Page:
First Iranian Defensive Wall


M. Saadat Noury
by M. Saadat Noury

Amid the famous walls of the world (e.g. Berlin Wall, Jerusalem Wall, Kremlin Wall, London Wall, etc.) there are only two walls known as the Great Walls. Those two walls are the Great Wall of China (GWC) and the Great Wall of Gorgan (GWG). A Great Wall (in Persian: Deevaar-e-Bozorg or Deevaar-e-Pahnaavar) usually refers to a building site that has permanent visible walls on the map that reduce passage to a bottleneck. In addition to those two great walls which are earthworks and barricades, there is also a mural (wall painting) named as the Great Wall of Los Angeles. That wall was designed by Judith Baca in 1976 and it is located on the eastern edge of the Valley College campus in the San Fernando Valley on the concrete sides of the Tujunga Wash (part of the drainage system of Los Angeles) in California, USA. With a length of 2754 feet, the Great Wall of LA is considered as one of the longest murals in the world. In this article, the most important aspects of GWG which is possibly the First Iranian Defensive Wall are briefly studied and discussed.

Location: The GWG is an ancient defensive bulwark located in the Plain of Gorgan (in Persian: Dasht-e-Gorgan) in Gollestaan Province, which is in the north-eastern of Iran, south of the Caspian Sea. The Wall, which is one of the most outstanding and gigantic architectural monuments in Dasht-e-Gorgan starts from the Caspian coast, circles north of Gonbad-e-Kaavous, continues towards northwest and vanishes behind Pishkamar Mountains (in Persian: Koohsaar-e-Pishkamar).

History: The GWG was built during the Parthian Empire (248 BC - 224) to protect Iran from the invasions of the various external adversaries. Some researchers believe that the GWG was constructed to prevent attacks by the Hephthalites (in Persian: Heptaalian) from northern regions of the country. (The Hephthalites were a people of obscure possibly from the Indo-European origin who at certain periods played an important role in the history of Persian Empire and ancient India. They were also called as Ephthalites by the Greeks and as Hunas by the Indians. According to Chinese chronicles they were originally a tribe living to the north of the GWC and were known as Hoa or Hoa-tun. Elsewhere they were called White Huns or Sveta Hunas. There is, however, no definite evidence that they were related to the Huns, the early confederation of Central Asian equestrian nomads).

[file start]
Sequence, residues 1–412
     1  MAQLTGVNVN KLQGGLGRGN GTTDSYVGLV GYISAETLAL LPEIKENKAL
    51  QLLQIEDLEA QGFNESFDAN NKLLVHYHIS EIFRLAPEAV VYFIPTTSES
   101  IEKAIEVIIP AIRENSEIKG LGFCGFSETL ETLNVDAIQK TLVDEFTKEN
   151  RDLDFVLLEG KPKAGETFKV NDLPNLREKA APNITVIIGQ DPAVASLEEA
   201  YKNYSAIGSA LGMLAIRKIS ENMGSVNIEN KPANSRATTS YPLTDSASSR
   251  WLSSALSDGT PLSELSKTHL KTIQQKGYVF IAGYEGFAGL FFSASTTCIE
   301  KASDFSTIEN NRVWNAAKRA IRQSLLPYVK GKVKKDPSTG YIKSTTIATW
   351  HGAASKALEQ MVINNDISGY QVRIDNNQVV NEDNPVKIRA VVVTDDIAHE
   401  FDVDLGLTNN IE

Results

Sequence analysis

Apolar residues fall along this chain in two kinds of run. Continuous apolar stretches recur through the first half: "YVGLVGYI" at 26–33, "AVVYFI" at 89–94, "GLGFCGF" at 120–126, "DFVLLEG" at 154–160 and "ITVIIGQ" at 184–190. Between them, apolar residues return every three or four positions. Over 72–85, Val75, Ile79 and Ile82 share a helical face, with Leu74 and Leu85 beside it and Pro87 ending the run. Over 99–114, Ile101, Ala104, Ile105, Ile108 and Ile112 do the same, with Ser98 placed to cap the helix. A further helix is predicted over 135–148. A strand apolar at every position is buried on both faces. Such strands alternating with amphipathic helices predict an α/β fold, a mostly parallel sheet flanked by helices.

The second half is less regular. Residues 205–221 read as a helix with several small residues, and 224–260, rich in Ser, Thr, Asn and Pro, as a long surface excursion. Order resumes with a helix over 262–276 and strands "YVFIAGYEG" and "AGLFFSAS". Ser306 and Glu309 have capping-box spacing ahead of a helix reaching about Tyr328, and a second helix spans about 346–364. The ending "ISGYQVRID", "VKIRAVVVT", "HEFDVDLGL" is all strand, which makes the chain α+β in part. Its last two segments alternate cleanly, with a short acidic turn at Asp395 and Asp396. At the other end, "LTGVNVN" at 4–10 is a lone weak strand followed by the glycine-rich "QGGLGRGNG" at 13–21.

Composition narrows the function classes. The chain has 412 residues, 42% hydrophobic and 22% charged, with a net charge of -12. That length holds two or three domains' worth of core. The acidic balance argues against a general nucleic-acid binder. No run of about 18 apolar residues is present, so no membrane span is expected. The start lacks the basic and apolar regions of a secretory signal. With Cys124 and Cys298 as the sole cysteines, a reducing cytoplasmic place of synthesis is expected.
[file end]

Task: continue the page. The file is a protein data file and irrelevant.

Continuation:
The Great Wall of Gorgan was restored during the Sassanid Empire (224 - 651). Its construction is about three decades earlier than the GWC, and it is second only to that edifice as the largest defensive wall in existence.

Other Names: The GWG has been also called as a Dam or a Barrier to Alexander (in Persian: Sadd-e-Sekandar), Anushirvaan Dam, Firooz Dam, Ghezel Arssalan Dam, and the Defensive Wall of Gorgan in various reliable documents.

Archeology and Composition: The archeological studies of the GWG were first launched in 1976-1977 under Mohammad Yousef Kiani, an Iranian scholar and archaeologist. More recent studies have revealed that the barrier consists of a 155 kilometers long, and 6 to 10 meters wide wall, along the length of which are located a number of fortresses, spaced at intervals of between 10 and 50 kilometers. Scientific works have also shown that the GWG is entirely made of bricks measuring 40 x 40 x 10 centimeters. Stone is hardly noticed on the structure. It consists of military castles, an old dam, brick kilns, a trench, and water channels for directing the water to the trench and kilns as well as the farming lands.

The Most Famous Great Wall of the World: Here are some facts about the Great Wall of China (GWC), which is also known as the most famous Great Wall of the world:
The GWC is an extensive bulwark erected in ancient China. It is a series of stone and earthen fortifications in China, built, rebuilt, and maintained between the 5th century BC and the 16th century to protect the northern borders of the Chinese Empire during the rule of successive dynasties. Several walls, referred to as the GWC, were built since the 5th century BC, the most famous being the one built between 220 BC and 200 BC by the first Emperor of China, Qin Shi Huang. That wall was much further north than the current wall, built during the Ming Dynasty, and little of it remains.